Cinderella didn't even bite my daughters

I recently finished reading Peggy Orenstein's Cinderella Ate My Daughter (Harper Collins, 2011). It's an interesting read that goes quite quickly. The book is dedicated to the the daughter of the title, who had, actually outgrown her princess fascination before publication. It seems the fascination with pink, pretty princess gear peaks from ages 3-5 and begins to wane at 6, the same age range that still find Barbie dolls appealing, though they were originally designed to appeal to somewhat older girls. This is due to the concept of "KGOY-Kids Getting Older Younger," which she introduces on p. 84. It's not just about toys or fashion but even procedures. Women try to look younger while teens  undergo cosmetic procedures and even Botox injections.  With the teens growing up faster and their mothers trying to look younger, you can well have a conflation of fashion and looks between 16 year olds and women of middle age (139). The author, I noticed, lives in California, where supposedly it is quite common to see mothers and teen daughters wearing the same skimpy outfits.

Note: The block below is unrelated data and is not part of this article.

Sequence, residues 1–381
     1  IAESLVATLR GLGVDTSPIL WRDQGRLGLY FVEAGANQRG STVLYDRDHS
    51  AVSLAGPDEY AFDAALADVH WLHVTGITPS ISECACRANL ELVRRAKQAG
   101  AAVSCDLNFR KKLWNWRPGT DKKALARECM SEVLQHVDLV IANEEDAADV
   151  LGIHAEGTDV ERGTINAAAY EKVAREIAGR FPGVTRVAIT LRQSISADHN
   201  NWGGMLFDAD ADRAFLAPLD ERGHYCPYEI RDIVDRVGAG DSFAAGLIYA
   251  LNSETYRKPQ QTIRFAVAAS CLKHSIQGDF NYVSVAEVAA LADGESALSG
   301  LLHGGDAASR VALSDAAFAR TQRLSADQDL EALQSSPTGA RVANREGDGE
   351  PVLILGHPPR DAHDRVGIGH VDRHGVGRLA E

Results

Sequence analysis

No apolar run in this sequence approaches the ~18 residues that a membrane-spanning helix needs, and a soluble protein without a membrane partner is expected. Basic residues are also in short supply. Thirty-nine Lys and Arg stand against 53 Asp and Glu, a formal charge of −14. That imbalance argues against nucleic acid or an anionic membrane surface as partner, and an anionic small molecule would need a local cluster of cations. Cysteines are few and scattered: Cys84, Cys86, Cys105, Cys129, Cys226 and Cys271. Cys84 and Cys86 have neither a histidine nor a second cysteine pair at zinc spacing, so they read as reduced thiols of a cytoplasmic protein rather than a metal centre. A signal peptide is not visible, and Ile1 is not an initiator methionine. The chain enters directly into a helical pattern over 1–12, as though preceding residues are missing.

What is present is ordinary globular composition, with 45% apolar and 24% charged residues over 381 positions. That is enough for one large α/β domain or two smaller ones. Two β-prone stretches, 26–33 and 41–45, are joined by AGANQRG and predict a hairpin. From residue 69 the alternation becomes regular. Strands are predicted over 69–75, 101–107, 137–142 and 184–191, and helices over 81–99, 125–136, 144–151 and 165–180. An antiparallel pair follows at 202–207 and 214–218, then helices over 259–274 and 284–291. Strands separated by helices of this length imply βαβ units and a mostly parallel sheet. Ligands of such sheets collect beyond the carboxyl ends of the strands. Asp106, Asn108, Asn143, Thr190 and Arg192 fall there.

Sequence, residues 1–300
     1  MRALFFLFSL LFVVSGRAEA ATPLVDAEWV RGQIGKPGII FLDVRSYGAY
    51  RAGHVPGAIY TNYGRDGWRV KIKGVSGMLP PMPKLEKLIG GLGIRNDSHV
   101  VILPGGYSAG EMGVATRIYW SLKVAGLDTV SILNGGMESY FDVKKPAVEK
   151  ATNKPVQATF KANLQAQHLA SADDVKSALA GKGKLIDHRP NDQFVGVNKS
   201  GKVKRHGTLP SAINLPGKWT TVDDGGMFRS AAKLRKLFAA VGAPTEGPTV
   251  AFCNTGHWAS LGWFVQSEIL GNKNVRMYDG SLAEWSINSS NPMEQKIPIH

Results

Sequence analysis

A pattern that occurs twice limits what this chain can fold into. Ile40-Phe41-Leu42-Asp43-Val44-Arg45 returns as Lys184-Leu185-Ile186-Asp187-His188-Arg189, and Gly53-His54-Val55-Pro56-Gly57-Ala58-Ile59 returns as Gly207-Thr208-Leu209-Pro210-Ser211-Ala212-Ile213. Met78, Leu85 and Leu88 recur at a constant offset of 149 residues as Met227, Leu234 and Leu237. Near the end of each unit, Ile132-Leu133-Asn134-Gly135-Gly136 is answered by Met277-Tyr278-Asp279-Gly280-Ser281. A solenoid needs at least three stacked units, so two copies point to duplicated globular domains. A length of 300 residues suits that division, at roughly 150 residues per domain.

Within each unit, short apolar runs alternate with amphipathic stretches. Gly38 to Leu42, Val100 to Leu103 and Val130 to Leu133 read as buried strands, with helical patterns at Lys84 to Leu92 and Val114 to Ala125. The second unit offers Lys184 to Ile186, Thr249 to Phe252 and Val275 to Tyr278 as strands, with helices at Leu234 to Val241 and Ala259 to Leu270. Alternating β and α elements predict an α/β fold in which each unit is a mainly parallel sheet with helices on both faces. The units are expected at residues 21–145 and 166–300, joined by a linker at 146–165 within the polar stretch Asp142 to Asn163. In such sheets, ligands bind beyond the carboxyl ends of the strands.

But let us return to the preteen child and my choice of title for the blog. My own daughters never wanted to be Cinderella. Only the older 2 made a concession once to dress up as Queens Esther or a princess (as the middle one identified her costume) for Purim. The youngest never even did that and she eschewed the Barbie dolls that her sister may have played with for a few months, hough she did play with a baby doll. Though they have a couple of princess themed things in their possession, those were gifts from people who must have assumed that all girls of 5 or 6 liked this types of of things. One daughter even received lip gloss cases for her 6th birthday from classmates whose mothers must have considered makeup appropriate for a child that age. That stuff was thrown out, not because I would not have allowed my daughter to play with it (despite the goopy mess) but because she never cared to.

 Also none of them cared for pink when they were younger and a couple seem to generally avoid the color.  No question, that if they were given a choice of blue or pink, they would opt for the former. Orenenstein devotes quite a few pages to the proliferation of pink princess items. Interestingly, the Disney princesses that she blames much of this on didn't wear pink. Though Aurora of Sleeping Beauty is shown in a pink gown, the color was never determined. Orenestein must not have reviewed the movie because a central part is the conflict between two of the fairies over whether the dress should be pink or blue. That could be very telling in light of the transition of color domination.  As Orensetin discusses the invention of pink as the feminine in the 20th century, replacing soft blue as the color associated with feminine virtue.